Gutenberg: [SE/K14] On Monday and Tuesday night, you check out the western edge of the Sea of Fertility (Mare Fecunditatis) and pay your respects to one of history’s great men.
Gutenberg crater is not only of historical importance because of its namesake1, it also shows an unusual sequence of crater development. Gutenberg is a large crater (45 mi. in diameter) that is intruded upon by a smaller crater (12 mi. in diameter–Gutenberg E) on its eastern wall. So far so good. But take a close look at the crater immediately adjoining it to the south (Gutenberg C). These craters have violated the usually dependable rule that newer craters are smaller than the older craters they have intruded upon. Gutenberg C is the older crater, while the larger Gutenberg is the interloper.
Another item of interest is the simple crater on the southwest rim (Gutenberg A). Simple craters start with rounded floors, then progress to a flat floor resulting from a cascade of boulders that have rolled down the interior walls and settled at the bottom. Rim shadows on bowl-shaped floors will appear as a smooth arc. If the floor is flat because it has been partially filled in, the shadow will be truncated (i.e. the apex will be squared off). Can you tell if the floor of Gutenberg A is bowl-shaped or flat?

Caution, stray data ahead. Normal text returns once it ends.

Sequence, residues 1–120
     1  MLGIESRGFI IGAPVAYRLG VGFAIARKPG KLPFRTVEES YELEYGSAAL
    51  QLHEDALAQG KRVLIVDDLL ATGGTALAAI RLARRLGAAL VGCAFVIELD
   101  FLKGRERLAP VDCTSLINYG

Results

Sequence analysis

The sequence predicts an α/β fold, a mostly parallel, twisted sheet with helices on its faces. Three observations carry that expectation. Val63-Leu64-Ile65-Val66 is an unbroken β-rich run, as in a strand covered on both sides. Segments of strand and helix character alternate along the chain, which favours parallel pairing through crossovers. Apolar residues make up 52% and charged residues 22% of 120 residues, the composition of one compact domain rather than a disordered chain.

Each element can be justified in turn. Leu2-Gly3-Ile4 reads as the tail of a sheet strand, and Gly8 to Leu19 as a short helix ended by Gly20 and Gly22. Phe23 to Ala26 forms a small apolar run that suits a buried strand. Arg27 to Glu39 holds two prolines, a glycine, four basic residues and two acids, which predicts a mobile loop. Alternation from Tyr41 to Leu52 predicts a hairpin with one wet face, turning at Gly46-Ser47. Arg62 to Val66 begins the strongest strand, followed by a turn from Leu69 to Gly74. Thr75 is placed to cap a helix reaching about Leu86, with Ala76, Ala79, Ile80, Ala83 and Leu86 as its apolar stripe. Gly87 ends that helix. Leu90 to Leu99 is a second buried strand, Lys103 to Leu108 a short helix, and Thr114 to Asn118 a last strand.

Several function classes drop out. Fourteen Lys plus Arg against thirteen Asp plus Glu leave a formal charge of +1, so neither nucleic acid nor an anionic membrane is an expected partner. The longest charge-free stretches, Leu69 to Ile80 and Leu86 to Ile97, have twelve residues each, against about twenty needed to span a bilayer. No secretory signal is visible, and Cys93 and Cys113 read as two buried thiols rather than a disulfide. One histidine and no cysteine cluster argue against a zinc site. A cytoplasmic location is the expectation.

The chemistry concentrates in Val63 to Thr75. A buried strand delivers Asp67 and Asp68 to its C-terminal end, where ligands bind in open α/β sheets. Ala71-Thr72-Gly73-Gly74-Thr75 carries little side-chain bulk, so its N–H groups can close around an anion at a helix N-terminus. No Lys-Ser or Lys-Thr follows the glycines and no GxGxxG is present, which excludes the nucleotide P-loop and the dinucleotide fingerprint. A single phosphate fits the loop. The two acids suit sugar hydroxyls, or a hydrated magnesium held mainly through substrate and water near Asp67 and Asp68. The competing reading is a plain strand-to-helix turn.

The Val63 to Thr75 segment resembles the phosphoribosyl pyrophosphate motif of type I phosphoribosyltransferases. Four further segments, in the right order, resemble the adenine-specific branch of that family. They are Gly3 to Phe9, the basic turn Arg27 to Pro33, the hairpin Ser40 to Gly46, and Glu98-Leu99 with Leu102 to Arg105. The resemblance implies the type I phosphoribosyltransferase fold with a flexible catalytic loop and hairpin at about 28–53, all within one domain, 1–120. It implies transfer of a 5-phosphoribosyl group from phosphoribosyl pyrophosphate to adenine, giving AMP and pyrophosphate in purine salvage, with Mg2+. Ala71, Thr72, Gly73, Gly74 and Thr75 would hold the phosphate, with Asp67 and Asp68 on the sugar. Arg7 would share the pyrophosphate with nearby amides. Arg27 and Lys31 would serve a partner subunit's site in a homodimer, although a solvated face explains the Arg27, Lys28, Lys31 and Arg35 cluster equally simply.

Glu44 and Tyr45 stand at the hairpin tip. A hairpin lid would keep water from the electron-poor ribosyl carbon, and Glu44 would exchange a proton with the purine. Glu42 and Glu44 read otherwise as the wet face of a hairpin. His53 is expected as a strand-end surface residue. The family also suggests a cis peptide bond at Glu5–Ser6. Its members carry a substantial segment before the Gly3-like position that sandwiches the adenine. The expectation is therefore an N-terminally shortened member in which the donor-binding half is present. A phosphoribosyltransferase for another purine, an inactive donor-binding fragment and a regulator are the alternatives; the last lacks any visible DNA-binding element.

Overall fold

More Historical Significance in Space
On April 12, 1961, Soviet cosmonaut Yuri Gagarin became the first man to orbit the Earth.
1 Gutenberg, Johannes: (1398-1468) Gutenberg invented the printing press in 1438 and revolutionized the world. Before Gutenberg it would take a single monk 20 years to copy the Bible, and there were only 30,000 handwritten Bibles in the entire world. Fifty years after Gutenberg there were more than 10 million Bibles in print!
It is highly recommended that you get a copy of Sky and Telescope’s Field Map of the Moon, the very finest Moon map available for use at the telescope. It is available for $10.95 at www.skyandtelescope.com and on Amazon. All features mentioned in this blog will be keyed to the grid on the Field Map and will look like this: Plato: [NW/D9]
Courtesy of Gray Photography of Corpus Christi, Texas
Lunar photos: NASA / USGS / BMDO / LROC / ASU / DLR / LOLA / Moon Globe. Used by permission
Latest posts by Andrew Planck (see all)
- Moon Crater Longomontanus: Exception to the Rule Determining Crater Age - June 24, 2019
- O’Neill’s Bridge and Summer Solstice - June 17, 2019
- Apennine Mountain Range: The Most Spectacular Feature on the Moon - June 10, 2019